## Saturday, February 5, 2022

### A Gomory-Hu week

TopCoder SRM 823 was the only round of this week (problems, results, top 5 on the left, analysis, TCO race standings). neal_wu and ksun48 were leading after the coding phase, but it all went downhill for them during the challenges. First, ksun48, who was less than 50 points away from the first place, made a quick challenge and earned -25, making neal_wu clear first with more than 50-point gap. A couple of minutes later, Kevin earned another -25. Then Neal decided to take the matters into his own hands and got a -25 of his own, which meant that while Kevin was still more than one successful challenge away, SSRS_ now needed just one +50 to take the first place and the 5 TCO race points, which he duly did closer to the end of the challenge phase. Congratulations on the victory! Neal and Kevin made two more unsuccessful challenges each, ending the round with quite bizarre -75 and -100 challenge points respectively.

In my previous summary, I have described a solution to a Codeforces problem. I'm not going to paste it here since it's very long, so please read the previous summary for context :) As the first step of my solution, I'm constructing another tree where the longest path queries become LCA queries, and then construct an inorder traversal of the new tree to answer LCA queries via RMQ queries.

tourist has pointed out this awesome comment to me, which shows that I did not really have a full understanding of what's going on when writing my solution. Indeed, let us look at the construction process of the new tree more closely and forget about future LCA queries for a second, just trying to keep the property that in the new tree the largest edge weight between any two vertices is the same as in the old tree. Then we can see that whenever we attach two subtrees to a newly created node, we don't really have to use the roots of the subtrees for that, and can use any node instead (because all edges within the subtrees have smaller weight than the currently processed edge, it does not matter which within-subtree edges will end up being used for the paths between the subtrees). And this allows us to keep all subtrees as chains, and connect them to form bigger chains, ultimately creating one big chain.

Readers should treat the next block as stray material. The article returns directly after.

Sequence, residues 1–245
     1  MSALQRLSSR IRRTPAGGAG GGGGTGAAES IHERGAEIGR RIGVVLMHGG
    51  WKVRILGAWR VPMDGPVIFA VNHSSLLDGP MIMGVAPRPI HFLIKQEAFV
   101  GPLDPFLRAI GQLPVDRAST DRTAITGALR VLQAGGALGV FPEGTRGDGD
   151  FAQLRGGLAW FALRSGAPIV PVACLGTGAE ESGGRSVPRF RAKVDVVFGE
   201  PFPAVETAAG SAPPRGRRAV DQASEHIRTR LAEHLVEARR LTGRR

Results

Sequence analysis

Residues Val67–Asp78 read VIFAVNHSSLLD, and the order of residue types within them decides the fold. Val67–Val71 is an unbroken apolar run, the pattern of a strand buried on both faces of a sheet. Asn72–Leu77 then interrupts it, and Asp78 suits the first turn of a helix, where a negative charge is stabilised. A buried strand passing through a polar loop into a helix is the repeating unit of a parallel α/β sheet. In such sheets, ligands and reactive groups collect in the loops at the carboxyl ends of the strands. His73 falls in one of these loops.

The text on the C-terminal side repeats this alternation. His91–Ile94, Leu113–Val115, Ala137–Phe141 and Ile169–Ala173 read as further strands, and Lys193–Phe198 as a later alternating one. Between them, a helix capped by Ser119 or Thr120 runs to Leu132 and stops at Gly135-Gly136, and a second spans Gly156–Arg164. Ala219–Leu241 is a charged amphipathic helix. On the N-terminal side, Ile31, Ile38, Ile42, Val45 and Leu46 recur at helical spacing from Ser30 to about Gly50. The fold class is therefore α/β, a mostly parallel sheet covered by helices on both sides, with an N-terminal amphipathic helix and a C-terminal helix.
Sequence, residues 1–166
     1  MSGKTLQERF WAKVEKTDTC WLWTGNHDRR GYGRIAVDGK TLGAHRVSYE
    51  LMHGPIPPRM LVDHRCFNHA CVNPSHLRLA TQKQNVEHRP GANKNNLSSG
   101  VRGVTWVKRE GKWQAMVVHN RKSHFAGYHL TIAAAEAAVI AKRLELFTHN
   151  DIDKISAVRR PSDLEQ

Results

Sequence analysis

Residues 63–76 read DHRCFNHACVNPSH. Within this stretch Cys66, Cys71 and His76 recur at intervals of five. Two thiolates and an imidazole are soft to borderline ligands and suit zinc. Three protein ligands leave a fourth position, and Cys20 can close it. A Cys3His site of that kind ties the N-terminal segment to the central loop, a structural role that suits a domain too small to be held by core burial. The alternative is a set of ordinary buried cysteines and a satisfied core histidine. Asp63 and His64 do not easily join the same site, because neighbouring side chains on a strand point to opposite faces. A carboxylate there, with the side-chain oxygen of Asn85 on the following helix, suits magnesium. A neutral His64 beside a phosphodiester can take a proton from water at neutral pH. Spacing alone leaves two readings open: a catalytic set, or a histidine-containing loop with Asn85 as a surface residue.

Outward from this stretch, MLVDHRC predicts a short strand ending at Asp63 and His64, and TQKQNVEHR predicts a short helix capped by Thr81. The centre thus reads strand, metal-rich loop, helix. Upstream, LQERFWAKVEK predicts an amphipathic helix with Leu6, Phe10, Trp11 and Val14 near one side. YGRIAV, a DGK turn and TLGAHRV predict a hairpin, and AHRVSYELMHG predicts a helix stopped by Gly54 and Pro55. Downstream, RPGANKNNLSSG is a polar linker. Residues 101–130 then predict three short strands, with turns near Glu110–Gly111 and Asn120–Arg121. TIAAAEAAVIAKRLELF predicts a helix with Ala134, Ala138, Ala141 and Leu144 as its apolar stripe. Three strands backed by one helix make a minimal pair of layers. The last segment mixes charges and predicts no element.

So it turns out that for any tree, we can construct a chain on the same vertices such that the maximum edge weight on the path between any two vertices is the same in the tree and in the chain, and of course the latter can be found using range-maximum queries. This chain is more or less equivalent to the inorder traversal of the auxiliary tree that was built in my solution, but I think constructing it explicitly is more beautiful and demonstrates a better understanding of the mechanics of the problem.

In an attempt to demonstrate an even better understanding of the mechanics, it seems to me that this construction is somewhat related to the Gomory-Hu construction. In fact, this construction seems to suggest that the Gomory-Hu tree can always be replaced by an equivalent Gomory-Hu chain! However, there seems to be no mention of a "Gomory-Hu chain" on the Internet, so I'm probably missing something here?

Update: Maxim Babenko has clarified the matters here: in the Gomory-Hu tree, for any pair of vertices not just the size of the minimum cut between them is equal to the size of the minimum cut in the original graph (as Wikipedia claims), but also the minimum cut itself (as a partition of the vertex set into two). In a Gomory-Hu chain the size of the cut is indeed still the same, but not the cut itself.

Thanks for reading, and check back next week!